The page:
Where in the World Are Magda and Brent?
Wondering where you can travel while teaching in Asia? Of the many destinations available to you, Laos is perhaps a less traveled but no less beautiful destination. Read on to learn about Magda and Brent’s adventures in Luang Prabang, a small village nestled in the Laotian countryside.
Situated along the mighty Mekong river, close to the Thai border, is a beautiful little Laotian town called Luang Prabang. We arrived at 5:30am on the night bus after another treacherous trek down winding roads so steep that on three occasions our bus pulled over at roadside stops to hose down our smoking brakes. Tired of being cooped up, we opted to forego the horde of tuk tuks on offer and walk the 2 miles into town. Nothing like a sunrise hike with travel bags to kick off the day.
With no place booked to stay, we took a walk through the town as it was coming alive. We watched all the vendors setting up for the morning market, loads of fresh fruits and vegetables, along with myriad other strange delights (OK, “delights” may be a stretch…we saw some unusual foodstuffs to say the least. Keep an eye out for an upcoming blog special all about the various “things on a stick” we’ve encountered thus far!). The walk through town in the early morning light was a lovely, peaceful, and educational experience. Honestly, we really like Laos.
We found a lovely little hotel with a balcony overlooking the river, and immediately settled in to relax for a few days. After a nice nap and dinner, we figured we’d find some nightlife and kick back to enjoy ourselves. There was one small hitch with this plan: Luang Prabang has no nightlife. The sidewalks roll up around 10pm, and the only place anyone could recommend for even a late night beer was the bowling alley. That’s right, the bowling alley. All anyone would talk about was the bowling alley. Leery at first, we figured why not check it out if it’s getting all the hype in town.
We hired a tuk tuk who drove us…and drove…and drove, so far away that we began to worry that he might stop in some deserted place and demand money to bring us back (we’ve heard stories to that effect from other travelers in South East Asia). It turns out the bowling alley is just really far. It is also exactly what it says. It’s a bowling alley. It’s not a club or a bar or anything of the sort. It is quite simply a brightly lit building filled with lanes and balls smashing down pins. As we walked in and this reality dawned upon us, we looked around at all the other white faces, each at a different stage of confusion and bewilderment about how they ended up here of all places. Possibly some brilliant viral marketing on the part of the alley owners! We probably should have just stayed home and gotten some rest. Note to would-be partiers in Luang Prabang: check out the night markets and go to bed early.
For the next few days, we rented a motorcycle and explored the surrounding countryside. We found an absolutely gorgeous secluded waterfall where we splashed for a while, and then we carried on to Kuang Si waterfall. Kuang Si is magical. I can’t think of a better word to describe this multi-tiered waterfall with its unbelievably vivid pools of turquoise water. It is so refreshing and awesome. Pictures cannot do it justice. This would be in the top five most beautiful sights we’ve seen on this trip, and probably in my top ten of anywhere I’ve been. Magical.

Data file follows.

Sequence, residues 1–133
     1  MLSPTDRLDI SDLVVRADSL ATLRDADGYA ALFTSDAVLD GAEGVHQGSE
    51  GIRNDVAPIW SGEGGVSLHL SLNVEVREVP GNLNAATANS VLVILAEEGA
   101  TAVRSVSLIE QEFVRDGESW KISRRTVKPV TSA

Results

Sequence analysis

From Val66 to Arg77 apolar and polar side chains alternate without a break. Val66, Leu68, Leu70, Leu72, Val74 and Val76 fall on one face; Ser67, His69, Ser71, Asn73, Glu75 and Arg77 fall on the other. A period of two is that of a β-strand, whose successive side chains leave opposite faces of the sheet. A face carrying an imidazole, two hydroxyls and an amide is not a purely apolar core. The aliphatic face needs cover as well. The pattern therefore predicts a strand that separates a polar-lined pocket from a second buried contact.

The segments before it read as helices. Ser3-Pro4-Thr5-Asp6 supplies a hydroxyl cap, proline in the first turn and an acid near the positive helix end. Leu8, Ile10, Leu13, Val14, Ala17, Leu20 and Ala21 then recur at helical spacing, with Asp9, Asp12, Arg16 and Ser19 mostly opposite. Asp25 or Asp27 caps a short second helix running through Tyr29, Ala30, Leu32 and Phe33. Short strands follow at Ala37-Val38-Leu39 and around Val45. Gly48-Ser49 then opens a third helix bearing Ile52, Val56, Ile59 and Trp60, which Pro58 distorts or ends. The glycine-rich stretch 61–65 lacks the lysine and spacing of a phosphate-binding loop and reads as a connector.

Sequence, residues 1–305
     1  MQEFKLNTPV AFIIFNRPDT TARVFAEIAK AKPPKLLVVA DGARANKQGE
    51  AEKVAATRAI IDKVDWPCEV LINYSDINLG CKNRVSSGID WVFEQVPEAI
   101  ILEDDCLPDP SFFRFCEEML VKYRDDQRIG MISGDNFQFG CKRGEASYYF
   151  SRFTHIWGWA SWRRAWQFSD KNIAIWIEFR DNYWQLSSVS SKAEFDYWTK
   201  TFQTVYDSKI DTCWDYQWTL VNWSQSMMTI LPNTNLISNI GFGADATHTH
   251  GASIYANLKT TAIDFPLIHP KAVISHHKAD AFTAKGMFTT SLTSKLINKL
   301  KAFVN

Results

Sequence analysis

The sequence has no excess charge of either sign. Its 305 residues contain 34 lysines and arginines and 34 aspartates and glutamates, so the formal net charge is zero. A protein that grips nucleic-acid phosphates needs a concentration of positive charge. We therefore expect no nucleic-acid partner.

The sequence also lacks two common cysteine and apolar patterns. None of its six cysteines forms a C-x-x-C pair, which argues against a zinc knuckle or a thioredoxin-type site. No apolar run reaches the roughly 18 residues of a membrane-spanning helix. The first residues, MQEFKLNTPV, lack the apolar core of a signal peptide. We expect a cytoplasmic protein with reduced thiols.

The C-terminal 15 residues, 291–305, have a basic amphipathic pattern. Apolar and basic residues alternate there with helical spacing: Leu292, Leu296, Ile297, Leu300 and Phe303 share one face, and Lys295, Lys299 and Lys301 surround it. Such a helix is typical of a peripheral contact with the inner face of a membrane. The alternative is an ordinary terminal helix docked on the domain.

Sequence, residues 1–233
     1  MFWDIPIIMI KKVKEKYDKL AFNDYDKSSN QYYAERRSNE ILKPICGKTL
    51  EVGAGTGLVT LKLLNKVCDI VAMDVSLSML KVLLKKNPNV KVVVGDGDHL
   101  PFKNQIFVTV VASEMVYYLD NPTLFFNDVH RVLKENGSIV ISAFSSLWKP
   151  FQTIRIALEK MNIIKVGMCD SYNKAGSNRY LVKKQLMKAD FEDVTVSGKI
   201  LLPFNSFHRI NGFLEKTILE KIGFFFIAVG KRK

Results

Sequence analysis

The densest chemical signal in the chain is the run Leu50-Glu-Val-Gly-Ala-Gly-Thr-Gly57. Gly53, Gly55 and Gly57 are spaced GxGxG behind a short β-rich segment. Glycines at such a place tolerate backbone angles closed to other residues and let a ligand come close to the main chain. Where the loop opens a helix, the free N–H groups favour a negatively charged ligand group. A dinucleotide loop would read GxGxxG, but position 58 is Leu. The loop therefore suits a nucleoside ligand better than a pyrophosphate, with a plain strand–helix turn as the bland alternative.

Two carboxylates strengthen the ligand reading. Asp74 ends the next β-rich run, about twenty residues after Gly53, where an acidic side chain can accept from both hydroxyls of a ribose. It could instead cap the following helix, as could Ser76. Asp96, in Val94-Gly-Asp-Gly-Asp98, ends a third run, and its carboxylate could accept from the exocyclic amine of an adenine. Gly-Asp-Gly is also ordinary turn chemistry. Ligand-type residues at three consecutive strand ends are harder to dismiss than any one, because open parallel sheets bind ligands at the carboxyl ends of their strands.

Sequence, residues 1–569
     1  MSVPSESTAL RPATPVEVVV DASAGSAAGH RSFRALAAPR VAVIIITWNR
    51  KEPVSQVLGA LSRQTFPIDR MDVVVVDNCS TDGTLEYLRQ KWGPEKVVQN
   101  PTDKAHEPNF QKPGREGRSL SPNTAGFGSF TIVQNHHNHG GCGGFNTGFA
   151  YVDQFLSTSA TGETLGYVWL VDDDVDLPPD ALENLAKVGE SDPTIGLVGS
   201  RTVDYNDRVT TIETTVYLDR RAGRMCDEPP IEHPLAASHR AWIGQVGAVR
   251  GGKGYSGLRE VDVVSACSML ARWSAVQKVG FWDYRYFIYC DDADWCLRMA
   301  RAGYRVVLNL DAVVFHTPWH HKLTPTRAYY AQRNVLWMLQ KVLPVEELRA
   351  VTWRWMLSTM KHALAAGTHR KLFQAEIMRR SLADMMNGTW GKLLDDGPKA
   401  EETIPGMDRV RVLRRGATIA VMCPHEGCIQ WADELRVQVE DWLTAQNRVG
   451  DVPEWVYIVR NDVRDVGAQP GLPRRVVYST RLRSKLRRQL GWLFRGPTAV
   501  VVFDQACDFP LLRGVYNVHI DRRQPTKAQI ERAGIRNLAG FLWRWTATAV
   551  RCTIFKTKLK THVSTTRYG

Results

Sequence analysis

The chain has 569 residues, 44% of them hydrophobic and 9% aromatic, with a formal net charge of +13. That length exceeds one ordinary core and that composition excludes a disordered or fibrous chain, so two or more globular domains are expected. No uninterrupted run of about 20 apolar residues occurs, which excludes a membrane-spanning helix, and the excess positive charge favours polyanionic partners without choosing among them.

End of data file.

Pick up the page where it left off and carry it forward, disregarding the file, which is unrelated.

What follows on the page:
As an aside to our experience in Luang Prabang, where we spent some five days exploring and taking in the beautiful Laotian countryside and enjoying the friendly hospitality of the Laotian people, I must say that one of the things we’ve learned on this trip is how to get a sense of which travelers are most like ourselves. You meet travelers from all over the world, each with their own likes, dislikes, and outlook on the world. Everyone is offering advice on what to see or what to skip. Sometimes your tastes match, and other times they don’t. At our guest house, we shared a balcony with our neighbors, a German couple who had been travelling for several months, doing essentially the same route as us but in reverse. After a few morning coffees spent enjoying the warm sun, we quickly came to see them as kindred travel spirits. We talked with them at length about what each of us had done and enjoyed. They gave us some great tips on what to see in Myanmar and Thailand, and we filled them in on our recommendations for Vietnam. Whether they’ll enjoy our ideas or we’ll enjoy theirs remains to be seen, but it’s always a nice feeling to encounter others who see the world through a similar lens. That’s not to say you should ignore tips, advice, or warnings from others whose tastes and personalities may not match your own, but it is a special feeling to encounter similar-minded adventurers on our trek around this broad, green Earth.
Savor every encounter, and make the most of every experience…even if it takes you to a forlorn bowling alley in the middle of nowhere. It’s all part of the adventure. Live life; love life.
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Written By Magda and Brent
Magda is an Oxford Seminars graduate with an honors degree in biological sciences. She loves traveling and has been to nearly twenty countries, with plans to see them all! She spent a year and a half teaching English and Science in Incheon, South Korea, and is looking forward to many more opportunities to teach and travel abroad on the horizon.
Brent has been involved in ESL as a teacher, Oxford Seminars TESOL/TESL/TEFL instructor, and writer for much of the past decade. His teaching exploits have taken him to South Korea, the Czech Republic, and most recently to Taiwan. As both a teacher and avid traveler, he looks forward to every opportunity to explore new cultures, sample new cuisines, and meet new people. There’s no better way to see the world!